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2021 Policy & Political Impacts to Healthcare

Michael Capofari

Senior Manager, Healthcare Business Consulting, EPAM Continuum
Blog
  • Healthcare

The outcome of the 2020 U.S. presidential election has already begun to significantly influence the future of healthcare as we know it. The Biden-Harris administration has made it clear that one of their key focus areas is improving access to quality, affordable healthcare for Americans, as evidenced by re-opening enrollment to the health insurance marketplace. Couple these actions with new and enhanced rulings from the U.S. Centers for Medicare & Medicaid Services (CMS) and we can expect to see major changes and impacts to the healthcare landscape in 2021 and beyond. 

Expanding Health Insurance Coverage & the Affordable Care Act

One of the first executive orders of the Biden administration was centered on strengthening Medicaid and the Affordable Care Act (ACA). Following that order, significant funding for healthcare in the American Rescue Plan (the U.S. stimulus package to address the effects of the pandemic) was introduced. As the first federal assistance program for health insurance in over a decade, this bill temporarily increases government subsidies to health insurers for individuals who have purchased insurance through the ACA’s marketplace.

With these subsidies set to expire at the end of 2022, the debate surrounding the expansion of public coverage will certainly continue, but now the question seems to be “when” not “if.” While staunchly opposed by providers (who would see significantly reduced fees paid to hospitals and doctors), there’s no doubt that the system will look vastly different as changes need to be made to alleviate National Health Spending—which is projected to continue growing at an average annual rate of 5.4% for 2019-2028, reaching $6.2 trillion by 2028.

The recent federal announcements have painted a clear picture of the Biden administration’s intention of inching toward a true version of “coverage for all” in one fashion or another; however, more decisions about how exactly to enhance coverage are forthcoming. The continued expansion of the ACA will further push both providers and payors to stabilize costs of operating health coverage and will drive increasing investment in technology to bring down administrative costs.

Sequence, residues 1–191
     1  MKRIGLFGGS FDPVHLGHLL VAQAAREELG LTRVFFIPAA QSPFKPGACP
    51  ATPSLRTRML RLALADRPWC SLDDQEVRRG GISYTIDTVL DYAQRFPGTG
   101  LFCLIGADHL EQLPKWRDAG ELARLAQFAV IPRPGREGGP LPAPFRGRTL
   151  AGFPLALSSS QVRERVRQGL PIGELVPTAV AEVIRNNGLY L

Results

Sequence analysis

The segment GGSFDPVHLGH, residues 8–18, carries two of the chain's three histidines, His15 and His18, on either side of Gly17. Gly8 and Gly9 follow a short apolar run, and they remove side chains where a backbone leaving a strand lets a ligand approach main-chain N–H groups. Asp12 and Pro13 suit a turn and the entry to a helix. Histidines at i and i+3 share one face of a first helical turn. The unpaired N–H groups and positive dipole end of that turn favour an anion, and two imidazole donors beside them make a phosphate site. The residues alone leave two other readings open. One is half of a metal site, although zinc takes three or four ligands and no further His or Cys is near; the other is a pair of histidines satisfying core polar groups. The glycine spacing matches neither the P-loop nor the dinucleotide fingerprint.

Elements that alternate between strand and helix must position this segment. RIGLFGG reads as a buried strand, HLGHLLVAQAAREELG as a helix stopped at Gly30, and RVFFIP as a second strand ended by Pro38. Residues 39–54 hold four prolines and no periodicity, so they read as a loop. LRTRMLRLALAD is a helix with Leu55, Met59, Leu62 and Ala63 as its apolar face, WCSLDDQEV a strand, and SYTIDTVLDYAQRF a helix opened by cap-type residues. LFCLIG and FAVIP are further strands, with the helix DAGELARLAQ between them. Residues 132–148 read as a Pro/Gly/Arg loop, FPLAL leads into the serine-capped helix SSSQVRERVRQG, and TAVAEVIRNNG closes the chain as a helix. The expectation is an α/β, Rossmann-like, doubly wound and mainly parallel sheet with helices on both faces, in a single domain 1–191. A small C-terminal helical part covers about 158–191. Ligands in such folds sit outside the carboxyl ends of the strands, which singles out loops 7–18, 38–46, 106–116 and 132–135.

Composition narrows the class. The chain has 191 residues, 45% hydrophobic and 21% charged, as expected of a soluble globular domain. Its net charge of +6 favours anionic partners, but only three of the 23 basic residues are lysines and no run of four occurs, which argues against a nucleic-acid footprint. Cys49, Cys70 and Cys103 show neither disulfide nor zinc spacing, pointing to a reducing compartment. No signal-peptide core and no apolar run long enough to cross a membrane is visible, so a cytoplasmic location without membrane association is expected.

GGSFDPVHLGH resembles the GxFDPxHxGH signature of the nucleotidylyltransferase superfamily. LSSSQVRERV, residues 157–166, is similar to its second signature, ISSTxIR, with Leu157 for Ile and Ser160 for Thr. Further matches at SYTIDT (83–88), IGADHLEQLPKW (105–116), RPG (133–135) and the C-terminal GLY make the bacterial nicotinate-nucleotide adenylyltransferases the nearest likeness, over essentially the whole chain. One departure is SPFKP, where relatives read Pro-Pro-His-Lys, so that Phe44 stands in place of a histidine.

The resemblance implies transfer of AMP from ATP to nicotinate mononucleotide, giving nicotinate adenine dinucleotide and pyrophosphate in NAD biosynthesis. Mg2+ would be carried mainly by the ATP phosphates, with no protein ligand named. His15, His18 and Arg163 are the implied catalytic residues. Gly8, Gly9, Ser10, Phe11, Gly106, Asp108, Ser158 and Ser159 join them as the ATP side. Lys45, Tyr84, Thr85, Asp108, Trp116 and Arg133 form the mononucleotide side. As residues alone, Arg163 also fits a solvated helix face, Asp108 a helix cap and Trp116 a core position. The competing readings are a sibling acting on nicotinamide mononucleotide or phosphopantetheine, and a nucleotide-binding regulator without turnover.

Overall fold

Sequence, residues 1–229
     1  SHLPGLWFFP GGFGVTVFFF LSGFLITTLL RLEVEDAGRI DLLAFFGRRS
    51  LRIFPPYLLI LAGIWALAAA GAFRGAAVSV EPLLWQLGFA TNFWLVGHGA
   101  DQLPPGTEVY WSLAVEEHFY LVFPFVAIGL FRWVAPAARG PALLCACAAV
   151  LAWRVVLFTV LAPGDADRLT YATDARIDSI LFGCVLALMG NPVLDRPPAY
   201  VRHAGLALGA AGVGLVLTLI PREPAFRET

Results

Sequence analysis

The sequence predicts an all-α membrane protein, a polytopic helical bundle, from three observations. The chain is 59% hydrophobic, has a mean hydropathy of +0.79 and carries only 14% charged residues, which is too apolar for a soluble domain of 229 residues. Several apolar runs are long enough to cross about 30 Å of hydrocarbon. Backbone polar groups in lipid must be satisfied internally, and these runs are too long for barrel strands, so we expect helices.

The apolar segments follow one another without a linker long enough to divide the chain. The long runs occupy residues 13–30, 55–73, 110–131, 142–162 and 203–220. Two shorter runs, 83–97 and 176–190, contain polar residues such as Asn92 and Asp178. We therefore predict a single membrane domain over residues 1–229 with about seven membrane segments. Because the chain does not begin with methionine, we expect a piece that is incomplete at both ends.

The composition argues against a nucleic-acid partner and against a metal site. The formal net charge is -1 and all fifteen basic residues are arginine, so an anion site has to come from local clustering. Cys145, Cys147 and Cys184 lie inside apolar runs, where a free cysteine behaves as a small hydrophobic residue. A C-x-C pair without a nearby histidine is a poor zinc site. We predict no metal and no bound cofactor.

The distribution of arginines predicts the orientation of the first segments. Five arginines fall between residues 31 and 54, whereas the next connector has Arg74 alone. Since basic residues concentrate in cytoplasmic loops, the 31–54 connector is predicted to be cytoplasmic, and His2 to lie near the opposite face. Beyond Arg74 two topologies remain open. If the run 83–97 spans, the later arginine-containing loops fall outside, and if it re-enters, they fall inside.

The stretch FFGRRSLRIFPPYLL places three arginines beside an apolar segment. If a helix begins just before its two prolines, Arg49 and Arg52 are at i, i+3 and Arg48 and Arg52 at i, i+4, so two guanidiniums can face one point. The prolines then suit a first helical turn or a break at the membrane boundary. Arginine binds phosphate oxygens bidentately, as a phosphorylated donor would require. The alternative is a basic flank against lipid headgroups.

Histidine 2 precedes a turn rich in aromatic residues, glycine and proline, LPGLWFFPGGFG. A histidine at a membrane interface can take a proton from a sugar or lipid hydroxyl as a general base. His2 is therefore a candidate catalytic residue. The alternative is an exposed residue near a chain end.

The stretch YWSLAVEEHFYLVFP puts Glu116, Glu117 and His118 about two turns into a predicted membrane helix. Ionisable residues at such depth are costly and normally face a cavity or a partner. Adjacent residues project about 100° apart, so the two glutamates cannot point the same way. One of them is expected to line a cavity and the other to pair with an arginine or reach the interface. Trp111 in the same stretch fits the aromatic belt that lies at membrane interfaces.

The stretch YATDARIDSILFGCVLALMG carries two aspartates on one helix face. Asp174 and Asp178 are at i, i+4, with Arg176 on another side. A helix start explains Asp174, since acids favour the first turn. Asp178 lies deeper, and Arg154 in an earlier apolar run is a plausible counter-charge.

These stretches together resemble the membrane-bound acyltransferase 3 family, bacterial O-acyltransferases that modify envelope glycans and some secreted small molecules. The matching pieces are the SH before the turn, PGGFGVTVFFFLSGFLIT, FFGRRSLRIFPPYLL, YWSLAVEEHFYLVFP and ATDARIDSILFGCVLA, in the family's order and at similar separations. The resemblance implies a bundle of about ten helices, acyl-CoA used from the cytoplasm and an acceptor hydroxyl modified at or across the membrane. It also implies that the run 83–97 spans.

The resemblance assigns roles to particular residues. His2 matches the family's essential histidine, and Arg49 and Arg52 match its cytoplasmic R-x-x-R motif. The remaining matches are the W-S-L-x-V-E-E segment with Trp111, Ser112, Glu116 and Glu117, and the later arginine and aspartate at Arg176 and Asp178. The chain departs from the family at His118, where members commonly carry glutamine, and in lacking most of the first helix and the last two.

Interoperability Is Here

Interoperability, a topic with no shortage of coverage, will make significant strides as the first regulations that were finalized last spring will be implemented this year. The focal point of these regulations is requiring payors to make patient data available electronically in a standard format and enabling members to have access to their electronic health records. This will allow third-party applications and APIs to access and control patient health data, providing better coordination across the various healthcare silos and delivering a seamless user experience for members. With the increase in telehealth visits during COVID-19, it’s more important than ever for all healthcare organizations to have access to patient data to provide better, more effective care. With these regulatory changes, we can expect to see a significant boost in the development, maturity and usage of digital health tools to address these needs.

Continued Maturity of Value-Based Care

Without hesitation, it is safe to say value-based care (VBC)—the idea of reimbursing providers based on the outcome of the care a patient receives—is here to stay. The only question is what new reimbursement models will be introduced and what specific preexisting models will carry forward. Driving maturity of VBC, a priority for the CMS under the Trump administration, will continue to be a focus of the Biden administration and its increased emphasis on cost savings.

With VBC models at the forefront, providers have shifted focus to make healthcare more proactive, instead of reactive, to prevent ailments before they exist. The primary benefits of the VBC model are twofold: Patients gain better overall care with less hospitalizations and readmissions, while it also offers more stable, consistent reimbursement for providers during times with fewer elective procedures by removing vulnerability and volatility in changes in demand. With this change from quantity to quality, healthcare organizations need to prioritize managing and improving their quality metrics, so they can continue to prepare for VBC adherence moving forward.

2021 has already started to become a pivotal year for healthcare. The industry is beginning to turn a corner and bounce back from the pandemic and from both a political and regulatory perspective, big changes are on the horizon that will dramatically enhance the patient experience. These market shifts will put pressure on payors and providers to adopt a streamlined, digital approach in their way of working—if they haven’t already—to meet these new expectations. As the year progresses, organizations need to not only stay up to date on these changes but also continue to challenge themselves to proactively utilize regulations to better their product and service offerings, ultimately improving the lives of patients everywhere.

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